The Corner

Laureate Wars

Having succeeded in getting Rick out beating the bushes for enemies of

academic Eng. Lit. amour propre and defenders of the proposition that a good

poem should be spontaneously liked by lots and lots of non-academic people,

I shall scuttle back to my jungle bivouac. (“The bivouac of life,” of

course.)

If it’s poets you’re wanting, though, see my upcoming piece on George Crabbe

in the NY Sun (tomorrow, I think).

In the meantime, let me canvass reader (and contributor, if you like)

opinion here. On my “36 Great American Poems” CD I included Joyce Kilmer’s

“Trees.” A reader just emailed in to

ask why. Thinking about it, I am not sure.

Yes, I can see why “Trees” is a slightly absurd poem, a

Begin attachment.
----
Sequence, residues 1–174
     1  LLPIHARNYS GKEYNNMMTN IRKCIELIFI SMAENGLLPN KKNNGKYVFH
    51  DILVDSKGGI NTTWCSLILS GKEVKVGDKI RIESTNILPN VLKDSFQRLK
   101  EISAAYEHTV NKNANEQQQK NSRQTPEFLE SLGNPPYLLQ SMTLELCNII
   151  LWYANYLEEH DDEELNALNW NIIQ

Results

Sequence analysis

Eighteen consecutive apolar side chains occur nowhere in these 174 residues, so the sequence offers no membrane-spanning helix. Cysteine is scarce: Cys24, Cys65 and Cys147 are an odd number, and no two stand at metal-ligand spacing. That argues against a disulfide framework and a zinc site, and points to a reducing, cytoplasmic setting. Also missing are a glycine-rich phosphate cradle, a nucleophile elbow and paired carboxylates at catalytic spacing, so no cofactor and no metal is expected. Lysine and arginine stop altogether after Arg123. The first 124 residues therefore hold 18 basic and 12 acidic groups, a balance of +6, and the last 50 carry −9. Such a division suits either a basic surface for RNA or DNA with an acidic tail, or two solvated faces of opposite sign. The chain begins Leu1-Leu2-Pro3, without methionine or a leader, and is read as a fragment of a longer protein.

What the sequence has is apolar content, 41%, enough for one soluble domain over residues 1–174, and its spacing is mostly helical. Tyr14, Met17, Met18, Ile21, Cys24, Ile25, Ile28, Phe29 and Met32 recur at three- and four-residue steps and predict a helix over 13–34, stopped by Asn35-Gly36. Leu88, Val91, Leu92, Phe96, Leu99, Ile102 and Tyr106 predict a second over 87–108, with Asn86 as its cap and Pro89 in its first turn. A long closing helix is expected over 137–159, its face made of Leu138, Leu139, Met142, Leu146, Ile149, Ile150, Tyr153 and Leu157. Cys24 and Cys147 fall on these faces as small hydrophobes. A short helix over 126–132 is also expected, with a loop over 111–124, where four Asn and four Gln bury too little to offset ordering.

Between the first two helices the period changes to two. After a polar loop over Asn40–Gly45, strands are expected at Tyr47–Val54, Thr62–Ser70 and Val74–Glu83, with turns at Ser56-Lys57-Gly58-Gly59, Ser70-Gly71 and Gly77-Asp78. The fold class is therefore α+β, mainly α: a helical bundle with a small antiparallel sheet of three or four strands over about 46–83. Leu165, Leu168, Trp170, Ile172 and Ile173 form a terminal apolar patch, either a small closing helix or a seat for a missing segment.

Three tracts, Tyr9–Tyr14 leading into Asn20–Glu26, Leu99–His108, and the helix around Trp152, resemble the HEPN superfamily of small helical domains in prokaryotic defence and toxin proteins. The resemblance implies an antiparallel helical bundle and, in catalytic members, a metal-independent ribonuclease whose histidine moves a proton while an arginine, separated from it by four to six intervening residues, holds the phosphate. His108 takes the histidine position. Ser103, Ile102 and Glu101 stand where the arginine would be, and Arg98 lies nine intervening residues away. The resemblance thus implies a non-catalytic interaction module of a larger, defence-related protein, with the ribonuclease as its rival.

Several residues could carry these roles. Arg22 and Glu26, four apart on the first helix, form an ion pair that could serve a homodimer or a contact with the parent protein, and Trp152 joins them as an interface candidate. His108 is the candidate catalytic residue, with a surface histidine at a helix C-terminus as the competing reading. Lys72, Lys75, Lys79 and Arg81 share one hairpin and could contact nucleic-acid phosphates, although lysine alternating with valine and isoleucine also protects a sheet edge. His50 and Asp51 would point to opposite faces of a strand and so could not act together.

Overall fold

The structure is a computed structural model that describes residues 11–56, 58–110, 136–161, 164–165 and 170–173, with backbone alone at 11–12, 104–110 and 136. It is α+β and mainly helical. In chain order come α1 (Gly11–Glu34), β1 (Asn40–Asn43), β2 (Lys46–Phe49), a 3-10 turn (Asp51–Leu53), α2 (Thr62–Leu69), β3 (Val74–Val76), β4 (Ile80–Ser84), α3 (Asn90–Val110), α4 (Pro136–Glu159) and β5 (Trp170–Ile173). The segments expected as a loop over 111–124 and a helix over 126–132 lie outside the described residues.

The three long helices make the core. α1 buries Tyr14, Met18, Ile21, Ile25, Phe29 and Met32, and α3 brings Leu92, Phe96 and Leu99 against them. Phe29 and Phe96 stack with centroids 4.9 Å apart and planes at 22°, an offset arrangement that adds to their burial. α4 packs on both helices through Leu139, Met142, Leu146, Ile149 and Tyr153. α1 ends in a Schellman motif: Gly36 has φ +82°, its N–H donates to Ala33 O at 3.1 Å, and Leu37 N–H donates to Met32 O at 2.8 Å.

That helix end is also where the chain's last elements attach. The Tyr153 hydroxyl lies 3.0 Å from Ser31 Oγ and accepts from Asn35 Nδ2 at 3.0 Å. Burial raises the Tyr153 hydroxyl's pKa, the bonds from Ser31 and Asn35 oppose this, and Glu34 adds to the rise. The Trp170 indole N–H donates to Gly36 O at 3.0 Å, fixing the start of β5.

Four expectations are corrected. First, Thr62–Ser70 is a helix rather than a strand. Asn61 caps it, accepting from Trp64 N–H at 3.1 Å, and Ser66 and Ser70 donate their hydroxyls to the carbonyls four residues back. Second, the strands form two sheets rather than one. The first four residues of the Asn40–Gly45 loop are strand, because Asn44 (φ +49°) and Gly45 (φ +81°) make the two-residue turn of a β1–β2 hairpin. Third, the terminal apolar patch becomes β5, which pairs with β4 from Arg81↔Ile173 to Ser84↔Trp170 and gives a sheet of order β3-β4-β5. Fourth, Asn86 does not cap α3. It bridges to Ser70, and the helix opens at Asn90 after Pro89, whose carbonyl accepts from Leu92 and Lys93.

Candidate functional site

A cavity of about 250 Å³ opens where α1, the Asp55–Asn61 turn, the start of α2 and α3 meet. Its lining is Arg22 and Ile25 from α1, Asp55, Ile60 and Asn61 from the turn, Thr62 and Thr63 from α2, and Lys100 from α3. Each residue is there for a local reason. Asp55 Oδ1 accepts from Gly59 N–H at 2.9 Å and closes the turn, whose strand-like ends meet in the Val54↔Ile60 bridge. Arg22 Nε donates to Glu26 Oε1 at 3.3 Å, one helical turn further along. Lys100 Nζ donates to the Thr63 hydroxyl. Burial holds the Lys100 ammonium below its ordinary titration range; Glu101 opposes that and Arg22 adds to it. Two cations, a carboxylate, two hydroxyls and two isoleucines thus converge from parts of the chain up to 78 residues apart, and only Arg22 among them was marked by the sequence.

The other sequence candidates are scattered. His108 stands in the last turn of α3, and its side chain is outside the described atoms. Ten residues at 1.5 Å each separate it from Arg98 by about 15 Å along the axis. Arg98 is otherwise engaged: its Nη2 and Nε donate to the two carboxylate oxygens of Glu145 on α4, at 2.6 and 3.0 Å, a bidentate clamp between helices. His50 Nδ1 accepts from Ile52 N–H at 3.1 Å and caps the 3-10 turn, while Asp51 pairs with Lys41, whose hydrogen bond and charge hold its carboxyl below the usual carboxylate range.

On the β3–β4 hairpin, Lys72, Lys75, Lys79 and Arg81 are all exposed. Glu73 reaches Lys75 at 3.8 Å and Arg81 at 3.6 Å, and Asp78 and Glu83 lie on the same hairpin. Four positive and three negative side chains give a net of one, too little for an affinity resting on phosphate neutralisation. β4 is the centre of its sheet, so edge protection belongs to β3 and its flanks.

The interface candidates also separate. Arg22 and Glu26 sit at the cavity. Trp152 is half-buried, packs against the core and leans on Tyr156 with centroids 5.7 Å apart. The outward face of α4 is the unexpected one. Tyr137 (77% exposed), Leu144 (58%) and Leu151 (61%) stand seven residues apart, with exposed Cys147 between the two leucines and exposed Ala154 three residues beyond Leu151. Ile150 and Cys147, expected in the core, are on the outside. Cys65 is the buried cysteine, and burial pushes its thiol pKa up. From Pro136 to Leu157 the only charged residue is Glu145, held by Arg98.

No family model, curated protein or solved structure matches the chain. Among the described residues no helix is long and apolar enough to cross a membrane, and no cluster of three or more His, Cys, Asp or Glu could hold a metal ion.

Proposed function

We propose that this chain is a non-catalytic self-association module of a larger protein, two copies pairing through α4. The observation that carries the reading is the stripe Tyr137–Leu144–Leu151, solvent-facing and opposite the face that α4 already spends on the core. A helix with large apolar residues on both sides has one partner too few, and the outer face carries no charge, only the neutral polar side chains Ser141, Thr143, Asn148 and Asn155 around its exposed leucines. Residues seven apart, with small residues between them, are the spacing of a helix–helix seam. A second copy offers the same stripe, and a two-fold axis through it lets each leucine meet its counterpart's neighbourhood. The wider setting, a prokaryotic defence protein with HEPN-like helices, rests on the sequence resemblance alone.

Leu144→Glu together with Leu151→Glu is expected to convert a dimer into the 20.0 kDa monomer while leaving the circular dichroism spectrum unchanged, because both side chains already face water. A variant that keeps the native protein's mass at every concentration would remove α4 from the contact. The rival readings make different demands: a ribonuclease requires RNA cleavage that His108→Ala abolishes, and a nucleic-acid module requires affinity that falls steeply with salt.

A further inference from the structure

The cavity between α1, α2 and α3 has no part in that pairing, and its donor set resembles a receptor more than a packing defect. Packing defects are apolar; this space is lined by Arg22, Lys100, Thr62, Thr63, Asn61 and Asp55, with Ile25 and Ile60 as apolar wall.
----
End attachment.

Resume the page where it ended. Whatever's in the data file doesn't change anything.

soft-center-chocolate sort of poem. Some of that, though, is due to the

fact that “Trees” is, as I remark on the CD, the most-parodied poem in the

American language. Most of us, I imagine, encounter a parody of “Trees” (in

my case it was Ogden Nash’s) before the thing itself, which distorts

judgment. So why do I like “Trees”? It’s not even what Orwell called a

“good bad poem,” because it’s not *quite* bad enough. I don’t know, there’s

a mystery here. “Trees” works for me, and that’s the ultimate test. (As a

small plus, which really should not be factored in, but which I think

probably was, Kilmer was a genuine American hero.)

John Derbyshire — Mr. Derbyshire is a former contributing editor of National Review.

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